My Africa: Swedes in Africa

Photo credit: DN/Benedicte Kurzen

Yesterday, as a part of the South Africa World Cup report, Swedish newspaper Dagens Nyheter featured five interviews with Swedes living in Africa under the heading “Mitt Afrika” or “My Africa” after Karen Blixen‘s novel with the same name ( in English it was called “Out of Africa”).

I must say I enjoyed reading the interviews by DN’s Africa correspondant Anna Koblanck, (with people like me!). I especially liked the interview with the newly wed Swedish woman in Soweto, Maria Westlund Malepa.  Still, I found that some clichés were repeated about life in Africa: “I have learned how to wait” “Sure I am scared sometimes.. is it soldiers who had too much to drink and shoot, thieves or a new war happening somewhere?” and “the weather, the people, the colors”. But to be fair, other images were shared as well, such as Botswana/Africa being a good place to raise children and Tanzania a place to further your career.

The cap article stated that there are fewer Swedes in Africa today than earlier due to that aid agencies these days post less Swedes in Africa and make more local hires. But I wonder if this is really making the number of Swedes in Africa smaller? Is there a way to find out?

I think Swedes in Africa are more than ever before. I was recently surprised by how many Swedes actually do live in Ghana for example.  The globalization is opening up for many more opportunities. Also, people in my generation seem to to a larger extent value “experience from abroad”and then particularly from developing countries. I have the feeling we rather seek the opportunity than expect to be heavily compensated if it arises.

The mystique and lure of “My Africa” might be bigger than some think.

Also, I should stop saying I have learned how to wait in Ghana and blame Africa when I am running late to meetings!

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Ghanaians in Ghana Can Vote in the UK!

Ghana election give your vote
Borrowed from

“While many Ghanaian farmers struggle to fight poverty, the staple rice is American, water is sold through Dutch companies, telecommunications are run through the UK, and Ghanaian tomatoes fail to compete with heavily subsidied European counterparts. A vote in a national election alone is not enough to give Ghanaians a say in the processes that decide this.”

This is the motivation between the interesting initiative Give Your Vote offering UK citizens to give their vote to a citizen of Bangladesh, Afghanistan or  – yes, thats right, to a citizen of Ghana!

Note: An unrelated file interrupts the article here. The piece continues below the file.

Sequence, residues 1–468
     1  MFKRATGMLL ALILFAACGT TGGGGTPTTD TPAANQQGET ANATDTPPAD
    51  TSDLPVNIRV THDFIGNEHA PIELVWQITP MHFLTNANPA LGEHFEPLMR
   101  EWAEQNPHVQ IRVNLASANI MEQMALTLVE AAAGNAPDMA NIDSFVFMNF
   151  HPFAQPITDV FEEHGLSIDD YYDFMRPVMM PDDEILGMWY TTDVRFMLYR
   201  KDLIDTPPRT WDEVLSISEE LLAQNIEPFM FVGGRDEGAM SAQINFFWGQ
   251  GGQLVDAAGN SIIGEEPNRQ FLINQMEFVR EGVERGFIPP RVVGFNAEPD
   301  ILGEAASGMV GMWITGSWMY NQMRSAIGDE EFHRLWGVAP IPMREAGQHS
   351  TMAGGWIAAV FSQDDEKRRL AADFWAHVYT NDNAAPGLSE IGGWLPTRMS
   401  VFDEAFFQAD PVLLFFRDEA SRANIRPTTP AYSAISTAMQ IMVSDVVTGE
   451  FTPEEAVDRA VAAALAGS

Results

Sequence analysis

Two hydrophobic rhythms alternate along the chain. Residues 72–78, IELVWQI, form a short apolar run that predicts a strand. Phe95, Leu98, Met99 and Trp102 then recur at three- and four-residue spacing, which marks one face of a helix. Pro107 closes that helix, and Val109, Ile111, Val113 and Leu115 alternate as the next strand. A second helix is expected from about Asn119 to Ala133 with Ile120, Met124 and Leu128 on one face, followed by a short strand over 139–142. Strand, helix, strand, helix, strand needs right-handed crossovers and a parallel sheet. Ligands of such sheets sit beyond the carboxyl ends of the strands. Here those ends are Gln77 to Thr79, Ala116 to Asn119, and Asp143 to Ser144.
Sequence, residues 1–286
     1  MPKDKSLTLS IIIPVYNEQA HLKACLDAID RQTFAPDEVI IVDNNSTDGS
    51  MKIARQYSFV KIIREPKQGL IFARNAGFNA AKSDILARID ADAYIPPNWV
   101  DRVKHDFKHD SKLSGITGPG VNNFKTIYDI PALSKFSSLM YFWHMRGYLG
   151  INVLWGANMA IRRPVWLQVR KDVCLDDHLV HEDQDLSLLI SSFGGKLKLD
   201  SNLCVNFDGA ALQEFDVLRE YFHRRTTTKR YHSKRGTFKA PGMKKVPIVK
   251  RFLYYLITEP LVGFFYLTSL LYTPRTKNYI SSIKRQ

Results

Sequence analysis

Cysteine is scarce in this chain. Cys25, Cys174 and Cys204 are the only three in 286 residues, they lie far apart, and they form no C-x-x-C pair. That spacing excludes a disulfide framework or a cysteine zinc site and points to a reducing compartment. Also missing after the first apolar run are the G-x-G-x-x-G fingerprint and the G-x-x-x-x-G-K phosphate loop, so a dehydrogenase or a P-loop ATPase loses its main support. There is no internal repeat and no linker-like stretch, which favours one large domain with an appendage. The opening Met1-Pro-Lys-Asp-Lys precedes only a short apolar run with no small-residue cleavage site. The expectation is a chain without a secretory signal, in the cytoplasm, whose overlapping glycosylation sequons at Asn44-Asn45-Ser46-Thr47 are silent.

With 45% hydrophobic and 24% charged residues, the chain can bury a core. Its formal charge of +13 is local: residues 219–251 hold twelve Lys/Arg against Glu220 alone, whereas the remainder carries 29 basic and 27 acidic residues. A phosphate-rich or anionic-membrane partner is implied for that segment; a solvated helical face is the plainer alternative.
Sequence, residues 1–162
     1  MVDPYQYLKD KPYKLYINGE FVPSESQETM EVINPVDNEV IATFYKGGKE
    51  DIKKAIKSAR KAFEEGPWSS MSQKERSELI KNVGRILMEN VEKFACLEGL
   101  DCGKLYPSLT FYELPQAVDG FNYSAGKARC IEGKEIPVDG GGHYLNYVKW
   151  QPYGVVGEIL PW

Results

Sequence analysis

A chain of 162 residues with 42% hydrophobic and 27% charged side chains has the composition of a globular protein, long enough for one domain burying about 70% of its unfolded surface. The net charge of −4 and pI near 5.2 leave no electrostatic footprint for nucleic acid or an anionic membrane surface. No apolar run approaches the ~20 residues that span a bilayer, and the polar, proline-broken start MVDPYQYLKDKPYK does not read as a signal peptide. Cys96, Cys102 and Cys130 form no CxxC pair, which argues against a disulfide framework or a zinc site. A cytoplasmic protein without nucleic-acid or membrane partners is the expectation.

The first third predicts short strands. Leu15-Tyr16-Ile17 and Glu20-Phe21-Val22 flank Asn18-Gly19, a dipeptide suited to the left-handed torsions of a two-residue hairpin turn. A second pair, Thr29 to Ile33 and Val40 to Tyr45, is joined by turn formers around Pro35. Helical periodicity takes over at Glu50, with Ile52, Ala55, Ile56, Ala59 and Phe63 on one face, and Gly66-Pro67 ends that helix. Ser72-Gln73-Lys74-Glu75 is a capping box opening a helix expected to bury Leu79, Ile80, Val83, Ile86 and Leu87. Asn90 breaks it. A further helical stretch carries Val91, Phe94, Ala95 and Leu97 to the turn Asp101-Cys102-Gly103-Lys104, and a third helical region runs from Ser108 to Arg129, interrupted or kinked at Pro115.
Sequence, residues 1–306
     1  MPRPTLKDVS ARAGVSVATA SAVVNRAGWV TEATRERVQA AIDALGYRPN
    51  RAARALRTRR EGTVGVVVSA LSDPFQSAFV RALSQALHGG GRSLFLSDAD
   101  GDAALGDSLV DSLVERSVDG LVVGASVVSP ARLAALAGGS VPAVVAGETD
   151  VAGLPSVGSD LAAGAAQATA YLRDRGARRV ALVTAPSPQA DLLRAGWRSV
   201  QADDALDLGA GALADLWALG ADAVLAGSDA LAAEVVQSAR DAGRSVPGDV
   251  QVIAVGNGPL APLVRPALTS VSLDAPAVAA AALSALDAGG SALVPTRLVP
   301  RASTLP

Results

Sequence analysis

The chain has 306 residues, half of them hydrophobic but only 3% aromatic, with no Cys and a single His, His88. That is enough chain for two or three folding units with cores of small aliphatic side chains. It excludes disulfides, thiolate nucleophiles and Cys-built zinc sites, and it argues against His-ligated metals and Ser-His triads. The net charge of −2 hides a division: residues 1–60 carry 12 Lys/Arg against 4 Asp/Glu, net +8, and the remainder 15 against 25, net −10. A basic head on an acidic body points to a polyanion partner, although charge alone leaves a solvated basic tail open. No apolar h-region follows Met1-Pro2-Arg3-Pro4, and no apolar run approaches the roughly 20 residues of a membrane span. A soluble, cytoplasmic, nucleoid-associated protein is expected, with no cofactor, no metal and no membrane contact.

How to vote in the UK elections?

First read up on the BBC election site, then learn more about the Give Your Vote /Use a Vote for Ghana initiative and finally, vote by text message! Text your name, location, and party of choice (LABOUR, CONSERVATIVE or LIBERAL DEMOCRAT) to +233241561918 or visit a UK election centre in Accra on 30th April.

Read more: Give Your Vote website, the Independent, the Guardian, Ghana Web/Diasporan News.

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Volcanic Ash Cloud Consequences in Ghana

Iceland volcano Ghana airplane

On BBC we could hear how the Kenyan flower industry was suffering from the recent Icelandic volcano outbreak leaving an ashcloud over Europe which hinders aviation. So what are the consequences in Ghana?

When searching for information it first it seemed like 22 Americans stranded was the main effect, but as I have myself heard of three people being caught up in this mess (one in London going to Ghana, one in Ghana going to Sweden and one from Ghana going to Oslo but getting caught at his overlay destination…) I figured this could not be all. Also, just like Kenya, Ghana is an exporter of fresh items like pineapple, papaya, mango, chillies and heavily intertwined with Europe for other business too.

After continuing my search, I found a good article from The Ghanaian Times in which Aviance, a Ghanaian company air-freighting fruits and other goods from Ghana to the UK and Europe estimated loosing USD 10 million daily. The same article stated that KLM, Afriquiah and Ghana International Airlines had all canceled their flights, but (this was on Thursday) AlItalia and Lufthansa were still operating.

According to the same article,

Clearing and exporting agents of the Ghanaian exporters handling the exports, declined to talk to the Times, saying they had not been authorized to do so.

I really do not understand why they could not comment on the effects, however, this might explain why so little has been heard about the consequences of the volcanic ash cloud in Ghana.

For the environment, it might be a good thing though, see above visualization from Information is Beautiful comparing the emissions from the volcano and the planes…

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